Canada was listed as a jurisdiction of money laundering concern by the U.S. Department of State in its annual International Narcotics Control Strategy Report, available here.
Other jurisdictions of concerns include Columbia, Brazil, Afghanistan, Venezuela, Mexico Russia and Somalia. The findings are similar to those reported by the U.S. Department of State in its 2011 report and include the following:
- Money laundering in Canada derives primarily from the trade in illegal narcotics, chemical precursors and psychotropic substances;
- Among the drug-related findings:
- Canada is the leading supplier of ecstasy in North America and most of the supply is from British Columbia;
- Canada is a major producer and shipper of methamphetamine for markets around the world, particularly to the U.S., Australia, Japan and New Zealand;
- Marijuana is the most widely used drug in Canada and most of it is grown in British Columbia by Asian criminal gangs and associates of the Hells Angels;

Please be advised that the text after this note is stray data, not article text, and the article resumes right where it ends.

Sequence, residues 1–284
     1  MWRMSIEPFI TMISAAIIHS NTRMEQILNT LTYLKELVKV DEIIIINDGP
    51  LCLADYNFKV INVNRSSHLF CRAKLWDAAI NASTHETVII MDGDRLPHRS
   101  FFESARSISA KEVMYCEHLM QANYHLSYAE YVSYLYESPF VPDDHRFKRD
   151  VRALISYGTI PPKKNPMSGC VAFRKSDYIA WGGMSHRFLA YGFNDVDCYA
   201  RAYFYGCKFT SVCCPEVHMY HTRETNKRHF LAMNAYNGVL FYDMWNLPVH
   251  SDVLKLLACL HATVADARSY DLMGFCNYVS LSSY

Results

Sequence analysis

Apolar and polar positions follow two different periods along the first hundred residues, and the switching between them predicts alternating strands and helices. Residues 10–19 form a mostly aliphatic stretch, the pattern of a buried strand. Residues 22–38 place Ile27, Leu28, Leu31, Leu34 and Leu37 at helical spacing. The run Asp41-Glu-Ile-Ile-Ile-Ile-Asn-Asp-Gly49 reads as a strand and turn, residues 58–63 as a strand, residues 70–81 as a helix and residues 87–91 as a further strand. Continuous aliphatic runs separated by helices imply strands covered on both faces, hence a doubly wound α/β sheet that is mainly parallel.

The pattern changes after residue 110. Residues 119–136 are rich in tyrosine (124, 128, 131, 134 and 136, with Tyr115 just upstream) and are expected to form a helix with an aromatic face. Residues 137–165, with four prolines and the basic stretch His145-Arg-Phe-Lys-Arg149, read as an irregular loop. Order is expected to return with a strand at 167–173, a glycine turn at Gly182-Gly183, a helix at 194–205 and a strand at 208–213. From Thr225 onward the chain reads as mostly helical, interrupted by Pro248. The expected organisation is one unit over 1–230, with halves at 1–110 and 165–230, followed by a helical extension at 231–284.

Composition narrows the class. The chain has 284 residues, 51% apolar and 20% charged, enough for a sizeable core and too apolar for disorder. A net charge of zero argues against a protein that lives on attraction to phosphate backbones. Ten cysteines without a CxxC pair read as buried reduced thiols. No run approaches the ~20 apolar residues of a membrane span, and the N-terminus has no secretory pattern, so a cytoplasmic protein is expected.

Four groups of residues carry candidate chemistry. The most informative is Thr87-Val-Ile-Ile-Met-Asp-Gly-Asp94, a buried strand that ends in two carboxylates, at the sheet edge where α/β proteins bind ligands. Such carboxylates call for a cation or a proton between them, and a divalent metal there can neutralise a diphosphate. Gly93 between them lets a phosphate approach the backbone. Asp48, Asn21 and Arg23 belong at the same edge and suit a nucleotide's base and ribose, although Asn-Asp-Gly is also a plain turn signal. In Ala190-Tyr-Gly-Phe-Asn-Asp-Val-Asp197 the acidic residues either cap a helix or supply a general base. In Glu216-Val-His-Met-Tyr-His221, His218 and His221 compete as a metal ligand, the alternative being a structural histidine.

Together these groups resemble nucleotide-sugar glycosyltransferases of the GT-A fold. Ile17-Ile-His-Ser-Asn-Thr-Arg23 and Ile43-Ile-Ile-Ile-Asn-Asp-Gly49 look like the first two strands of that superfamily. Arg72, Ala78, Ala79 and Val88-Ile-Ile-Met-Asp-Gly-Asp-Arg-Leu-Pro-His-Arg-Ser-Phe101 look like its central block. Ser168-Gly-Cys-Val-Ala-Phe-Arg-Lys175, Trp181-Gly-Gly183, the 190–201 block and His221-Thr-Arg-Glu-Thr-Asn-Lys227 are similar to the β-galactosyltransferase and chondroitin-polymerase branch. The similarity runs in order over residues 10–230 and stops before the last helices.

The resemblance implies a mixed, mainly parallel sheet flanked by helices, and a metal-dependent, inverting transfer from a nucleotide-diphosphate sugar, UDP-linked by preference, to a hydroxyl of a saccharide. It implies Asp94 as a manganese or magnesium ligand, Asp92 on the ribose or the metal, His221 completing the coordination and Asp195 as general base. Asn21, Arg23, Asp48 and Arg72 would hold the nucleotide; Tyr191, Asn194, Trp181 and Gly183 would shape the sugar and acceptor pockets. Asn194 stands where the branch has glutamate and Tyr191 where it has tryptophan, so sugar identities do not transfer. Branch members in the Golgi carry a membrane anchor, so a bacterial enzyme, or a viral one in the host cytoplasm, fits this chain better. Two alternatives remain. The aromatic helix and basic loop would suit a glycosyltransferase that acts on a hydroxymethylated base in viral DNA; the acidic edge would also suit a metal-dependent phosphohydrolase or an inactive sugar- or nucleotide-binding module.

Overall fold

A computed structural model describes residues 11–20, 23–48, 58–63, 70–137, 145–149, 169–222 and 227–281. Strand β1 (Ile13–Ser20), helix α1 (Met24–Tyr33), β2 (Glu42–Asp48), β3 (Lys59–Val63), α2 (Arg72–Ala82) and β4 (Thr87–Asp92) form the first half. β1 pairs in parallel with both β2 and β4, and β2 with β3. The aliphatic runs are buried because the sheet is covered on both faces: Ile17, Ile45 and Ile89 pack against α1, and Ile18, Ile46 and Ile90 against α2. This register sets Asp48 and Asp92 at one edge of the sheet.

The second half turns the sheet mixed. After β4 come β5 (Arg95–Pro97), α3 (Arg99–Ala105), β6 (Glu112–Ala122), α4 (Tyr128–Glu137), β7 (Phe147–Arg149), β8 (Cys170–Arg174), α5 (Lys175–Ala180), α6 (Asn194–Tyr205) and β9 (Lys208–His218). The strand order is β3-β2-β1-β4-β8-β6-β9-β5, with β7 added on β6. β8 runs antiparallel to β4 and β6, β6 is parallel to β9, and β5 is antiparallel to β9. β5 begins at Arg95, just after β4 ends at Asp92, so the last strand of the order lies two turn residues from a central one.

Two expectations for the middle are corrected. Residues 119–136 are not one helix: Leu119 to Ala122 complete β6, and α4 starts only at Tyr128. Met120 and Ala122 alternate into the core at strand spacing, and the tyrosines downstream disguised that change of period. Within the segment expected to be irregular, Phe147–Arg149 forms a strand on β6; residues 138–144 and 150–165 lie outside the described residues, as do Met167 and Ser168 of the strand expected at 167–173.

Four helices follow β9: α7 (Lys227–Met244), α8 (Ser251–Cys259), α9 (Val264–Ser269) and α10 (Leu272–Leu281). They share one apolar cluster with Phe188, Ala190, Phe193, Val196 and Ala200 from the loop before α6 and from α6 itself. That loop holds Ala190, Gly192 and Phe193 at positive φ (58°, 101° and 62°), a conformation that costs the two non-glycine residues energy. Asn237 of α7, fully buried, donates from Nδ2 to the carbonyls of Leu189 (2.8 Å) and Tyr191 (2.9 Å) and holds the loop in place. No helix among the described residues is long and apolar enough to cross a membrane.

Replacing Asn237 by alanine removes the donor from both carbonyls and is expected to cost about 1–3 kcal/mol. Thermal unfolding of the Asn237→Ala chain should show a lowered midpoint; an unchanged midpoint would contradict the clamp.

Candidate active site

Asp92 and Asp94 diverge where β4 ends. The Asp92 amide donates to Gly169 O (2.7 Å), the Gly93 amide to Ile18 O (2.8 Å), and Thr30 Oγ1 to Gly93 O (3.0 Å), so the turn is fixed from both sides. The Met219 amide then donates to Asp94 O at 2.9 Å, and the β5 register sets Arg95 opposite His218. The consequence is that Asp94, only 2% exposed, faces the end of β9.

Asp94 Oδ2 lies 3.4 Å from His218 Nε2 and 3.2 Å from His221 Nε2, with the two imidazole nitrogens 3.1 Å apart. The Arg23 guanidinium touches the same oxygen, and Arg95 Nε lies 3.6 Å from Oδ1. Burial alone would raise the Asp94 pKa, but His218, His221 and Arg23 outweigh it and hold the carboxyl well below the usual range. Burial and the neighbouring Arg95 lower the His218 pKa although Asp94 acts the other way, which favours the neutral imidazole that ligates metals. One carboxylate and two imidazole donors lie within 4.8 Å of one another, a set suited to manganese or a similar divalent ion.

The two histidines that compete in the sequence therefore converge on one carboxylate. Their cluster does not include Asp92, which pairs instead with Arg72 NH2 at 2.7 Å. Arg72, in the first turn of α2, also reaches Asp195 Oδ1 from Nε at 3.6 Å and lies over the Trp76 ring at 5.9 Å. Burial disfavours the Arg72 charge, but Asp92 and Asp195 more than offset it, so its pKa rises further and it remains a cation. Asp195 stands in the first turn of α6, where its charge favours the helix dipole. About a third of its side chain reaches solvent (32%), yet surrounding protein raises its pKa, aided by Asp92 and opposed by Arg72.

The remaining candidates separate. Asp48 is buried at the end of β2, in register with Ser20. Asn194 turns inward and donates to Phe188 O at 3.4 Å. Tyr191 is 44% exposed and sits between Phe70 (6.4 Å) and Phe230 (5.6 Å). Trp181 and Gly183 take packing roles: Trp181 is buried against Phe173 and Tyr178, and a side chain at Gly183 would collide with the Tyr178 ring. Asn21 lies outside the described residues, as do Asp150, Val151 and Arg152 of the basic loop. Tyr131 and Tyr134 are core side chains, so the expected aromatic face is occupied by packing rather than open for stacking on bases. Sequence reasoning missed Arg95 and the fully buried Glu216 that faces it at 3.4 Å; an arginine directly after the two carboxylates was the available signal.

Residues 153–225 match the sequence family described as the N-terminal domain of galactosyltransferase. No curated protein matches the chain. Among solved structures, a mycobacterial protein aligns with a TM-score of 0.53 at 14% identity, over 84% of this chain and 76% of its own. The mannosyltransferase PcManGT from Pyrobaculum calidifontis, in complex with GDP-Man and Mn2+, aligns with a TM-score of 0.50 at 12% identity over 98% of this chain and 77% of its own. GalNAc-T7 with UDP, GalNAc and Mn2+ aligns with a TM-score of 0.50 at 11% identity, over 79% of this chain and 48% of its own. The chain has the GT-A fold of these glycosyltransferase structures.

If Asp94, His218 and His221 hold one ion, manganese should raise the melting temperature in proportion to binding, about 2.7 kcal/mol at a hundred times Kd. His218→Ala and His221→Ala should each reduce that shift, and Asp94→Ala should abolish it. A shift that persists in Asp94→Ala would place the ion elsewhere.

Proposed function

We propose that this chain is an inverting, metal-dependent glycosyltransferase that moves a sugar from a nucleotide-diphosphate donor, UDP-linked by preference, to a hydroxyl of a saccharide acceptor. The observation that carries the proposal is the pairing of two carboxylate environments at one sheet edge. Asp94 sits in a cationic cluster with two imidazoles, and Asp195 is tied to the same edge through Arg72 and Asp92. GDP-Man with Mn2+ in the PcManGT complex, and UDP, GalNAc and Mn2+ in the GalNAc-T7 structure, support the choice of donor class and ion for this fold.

- Although heroin use is shrinking in Canada, Canadian are among the heaviest consumers of illegal pharmaceutical opiates such as Ativan (lorazepam), Valium (diazepam), Ritalin (methylphenidate), Oxycontin (oxycodone), Klonopin (clonazepam), and Talwin (pentazocine);
- Canada has an unacceptable conviction rate for money laundering;
- FINTRAC takes too long to deal with suspicious transaction reports;
- The failure of the Proceeds of Crime (Money Laundering) and Terrorist Financing Act to apply to lawyers is an impediment to the effectiveness of the anti-money laundering regime; and
- Budgetary constraints reduce the effective of the anti-money laundering regime.
President Barack Obama noted in the Report that the stealth with which marijuana and synthetic drugs such as ecstasy and methamphetamine are produced in Canada and trafficked to the U.S. was of concern.